People watch and practice observing the people around you

Look at the body language of others in various places and situations and compare and contrast the responses you see from different reactions. If you ask someone how their brother is doing and they respond with, “Oh I don’t talk to him anymore.. Anyways….” they might even look uncomfortable carrying on the conversation or perhaps they try to change the conversation; make a mental note. Clearly, this person does not want to talk about that specific person or thing so don’t press them about it. Listening skills can be improved to help you excel at home and at work when it comes to relationships. External self-awareness is knowing when and how you made someone feel and how you respond or responded in that situation. You not only want to look at body language but listen to what the person is saying specifically. If you continued to nag the person to find out why they don’t talk to their brother, you’re likely to upset them. If in the past you might have pushed too far in a conversation, reflect on how you could have approached that conversation differently. How could that change have impacted the persons’ impression of you at that moment? A person who kept pressing for details might be perceived as pushy, rude, aggressive, or self-serving. Whereas a person who noted the dislike towards that subject and changed the subject of the conversation might be seen as empathetic, perceptive, caring, and emotionally intelligent.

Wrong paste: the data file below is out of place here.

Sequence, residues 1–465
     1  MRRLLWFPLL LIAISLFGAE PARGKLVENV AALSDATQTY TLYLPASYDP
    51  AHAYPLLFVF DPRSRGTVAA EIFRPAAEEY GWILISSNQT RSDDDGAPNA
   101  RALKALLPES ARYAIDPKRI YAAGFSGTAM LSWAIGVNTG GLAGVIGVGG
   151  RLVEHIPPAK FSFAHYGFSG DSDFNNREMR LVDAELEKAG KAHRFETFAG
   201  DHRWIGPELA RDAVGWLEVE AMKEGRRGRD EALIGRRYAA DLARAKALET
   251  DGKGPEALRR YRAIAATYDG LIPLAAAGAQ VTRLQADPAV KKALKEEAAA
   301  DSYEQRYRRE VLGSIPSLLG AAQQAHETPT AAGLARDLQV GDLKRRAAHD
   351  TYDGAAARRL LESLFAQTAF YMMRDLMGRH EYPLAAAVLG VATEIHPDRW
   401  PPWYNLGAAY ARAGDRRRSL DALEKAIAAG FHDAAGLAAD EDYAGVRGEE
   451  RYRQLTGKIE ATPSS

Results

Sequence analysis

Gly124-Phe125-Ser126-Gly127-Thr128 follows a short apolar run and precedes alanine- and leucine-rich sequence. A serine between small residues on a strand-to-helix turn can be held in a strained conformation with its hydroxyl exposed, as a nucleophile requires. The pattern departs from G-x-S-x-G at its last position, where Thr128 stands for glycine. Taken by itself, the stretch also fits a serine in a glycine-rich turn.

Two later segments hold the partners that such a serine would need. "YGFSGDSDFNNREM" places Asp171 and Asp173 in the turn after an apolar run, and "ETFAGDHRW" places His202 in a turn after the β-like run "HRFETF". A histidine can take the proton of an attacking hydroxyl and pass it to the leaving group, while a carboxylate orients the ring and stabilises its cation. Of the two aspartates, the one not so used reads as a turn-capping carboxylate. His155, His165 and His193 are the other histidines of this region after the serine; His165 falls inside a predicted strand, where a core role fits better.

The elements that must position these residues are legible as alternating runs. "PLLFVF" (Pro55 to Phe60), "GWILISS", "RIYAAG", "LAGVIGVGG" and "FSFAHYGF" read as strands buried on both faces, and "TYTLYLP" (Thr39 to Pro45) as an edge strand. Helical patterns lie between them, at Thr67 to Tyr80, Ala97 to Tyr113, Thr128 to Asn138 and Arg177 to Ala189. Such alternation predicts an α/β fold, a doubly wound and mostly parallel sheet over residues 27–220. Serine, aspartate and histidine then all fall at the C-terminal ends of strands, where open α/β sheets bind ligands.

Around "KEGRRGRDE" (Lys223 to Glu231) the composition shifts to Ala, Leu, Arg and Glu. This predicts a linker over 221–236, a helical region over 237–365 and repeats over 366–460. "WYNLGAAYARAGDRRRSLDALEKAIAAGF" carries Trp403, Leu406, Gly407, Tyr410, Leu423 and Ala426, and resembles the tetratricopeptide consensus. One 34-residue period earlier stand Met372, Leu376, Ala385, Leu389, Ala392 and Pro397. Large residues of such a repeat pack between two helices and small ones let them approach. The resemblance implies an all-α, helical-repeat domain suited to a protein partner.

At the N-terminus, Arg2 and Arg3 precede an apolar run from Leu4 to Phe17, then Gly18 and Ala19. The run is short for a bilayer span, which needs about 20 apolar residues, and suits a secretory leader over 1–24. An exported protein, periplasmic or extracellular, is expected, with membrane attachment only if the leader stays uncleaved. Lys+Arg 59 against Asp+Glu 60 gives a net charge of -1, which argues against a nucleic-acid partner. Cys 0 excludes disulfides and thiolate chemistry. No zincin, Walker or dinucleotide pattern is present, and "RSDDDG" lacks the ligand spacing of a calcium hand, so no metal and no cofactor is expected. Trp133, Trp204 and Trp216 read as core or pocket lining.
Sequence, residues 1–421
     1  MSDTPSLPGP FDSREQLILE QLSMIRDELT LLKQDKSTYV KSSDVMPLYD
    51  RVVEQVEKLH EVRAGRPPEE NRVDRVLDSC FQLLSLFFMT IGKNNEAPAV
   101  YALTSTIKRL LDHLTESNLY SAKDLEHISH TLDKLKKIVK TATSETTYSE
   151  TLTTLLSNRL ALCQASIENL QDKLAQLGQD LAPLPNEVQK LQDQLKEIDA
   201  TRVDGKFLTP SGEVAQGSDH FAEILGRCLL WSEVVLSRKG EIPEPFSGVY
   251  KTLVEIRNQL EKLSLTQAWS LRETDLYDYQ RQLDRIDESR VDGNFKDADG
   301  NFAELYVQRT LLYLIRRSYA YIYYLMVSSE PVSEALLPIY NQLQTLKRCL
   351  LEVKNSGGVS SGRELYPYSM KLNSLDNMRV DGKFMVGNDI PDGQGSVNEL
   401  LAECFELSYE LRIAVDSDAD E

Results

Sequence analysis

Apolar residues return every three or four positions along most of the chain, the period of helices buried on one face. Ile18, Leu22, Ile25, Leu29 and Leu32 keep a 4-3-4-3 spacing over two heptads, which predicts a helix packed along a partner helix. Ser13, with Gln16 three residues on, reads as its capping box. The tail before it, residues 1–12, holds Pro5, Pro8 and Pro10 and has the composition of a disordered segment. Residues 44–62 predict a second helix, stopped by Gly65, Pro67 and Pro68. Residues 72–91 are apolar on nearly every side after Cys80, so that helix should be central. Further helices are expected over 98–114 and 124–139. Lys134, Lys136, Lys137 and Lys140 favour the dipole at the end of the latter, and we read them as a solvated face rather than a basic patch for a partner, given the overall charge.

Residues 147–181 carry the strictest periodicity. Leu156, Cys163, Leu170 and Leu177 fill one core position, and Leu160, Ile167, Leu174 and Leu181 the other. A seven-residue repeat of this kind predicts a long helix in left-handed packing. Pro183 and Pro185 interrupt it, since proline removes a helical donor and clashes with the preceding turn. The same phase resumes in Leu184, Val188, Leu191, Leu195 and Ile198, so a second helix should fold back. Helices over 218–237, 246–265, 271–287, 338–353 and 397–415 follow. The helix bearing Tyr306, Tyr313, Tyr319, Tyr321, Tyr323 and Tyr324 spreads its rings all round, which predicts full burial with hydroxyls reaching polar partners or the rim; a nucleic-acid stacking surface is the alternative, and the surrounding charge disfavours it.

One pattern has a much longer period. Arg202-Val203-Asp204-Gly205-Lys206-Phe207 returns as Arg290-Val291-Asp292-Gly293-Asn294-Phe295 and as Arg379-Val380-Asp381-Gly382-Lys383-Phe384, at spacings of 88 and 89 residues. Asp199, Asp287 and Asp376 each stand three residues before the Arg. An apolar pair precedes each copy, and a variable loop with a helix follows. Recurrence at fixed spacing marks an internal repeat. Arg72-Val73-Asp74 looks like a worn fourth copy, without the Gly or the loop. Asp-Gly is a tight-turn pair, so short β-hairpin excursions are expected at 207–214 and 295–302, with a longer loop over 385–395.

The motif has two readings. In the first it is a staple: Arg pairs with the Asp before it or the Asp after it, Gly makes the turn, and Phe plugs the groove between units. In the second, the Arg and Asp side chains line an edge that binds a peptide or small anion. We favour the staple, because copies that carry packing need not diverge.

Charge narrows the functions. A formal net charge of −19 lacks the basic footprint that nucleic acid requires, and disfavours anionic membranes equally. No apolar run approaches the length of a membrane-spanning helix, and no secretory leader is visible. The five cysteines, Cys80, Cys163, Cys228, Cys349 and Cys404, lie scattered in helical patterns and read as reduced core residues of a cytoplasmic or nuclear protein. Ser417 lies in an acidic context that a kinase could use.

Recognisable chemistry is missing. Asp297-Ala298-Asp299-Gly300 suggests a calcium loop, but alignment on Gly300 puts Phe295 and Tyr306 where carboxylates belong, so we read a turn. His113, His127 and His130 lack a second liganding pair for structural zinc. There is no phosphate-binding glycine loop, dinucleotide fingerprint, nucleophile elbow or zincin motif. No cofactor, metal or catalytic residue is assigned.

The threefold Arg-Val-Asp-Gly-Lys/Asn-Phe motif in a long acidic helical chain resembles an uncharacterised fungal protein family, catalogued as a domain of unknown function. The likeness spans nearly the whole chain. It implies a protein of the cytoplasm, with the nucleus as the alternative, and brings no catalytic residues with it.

If you’re really stuck on trying to understand another person’s perspective about you or anything else for that matter, you might just need an outside opinion. Ask questions like, “how would you describe me?”, “what is something that I have to work on?”, “how do I come across to you?” Take this information and feedback; good and bad and treat it as an opportunity to learn and grow. Keep in mind that when you ask these questions you need to be open to the responses as well. The person’s answers shouldn’t be seen by yourself as a personal attack, but more of an example as to where and how you can make improvements. The less reactive we are to feedback the easier it is to take that feedback and implement positive changes in our lives.

Becoming self-aware takes time, and effort. We have to put the work in and keep an open mind each and every day to create long-term habits that improve our well-being. Someone might forever think of us as “too much” but don’t let that define who you are.  Not everyone will like you, but when you get the feels that things aren’t going your way for one reason or another it might be time to take a step back, and put on those rose-coloured glasses to understand why.

“What is necessary to change a person is to change his awareness of himself.” – Abraham Maslow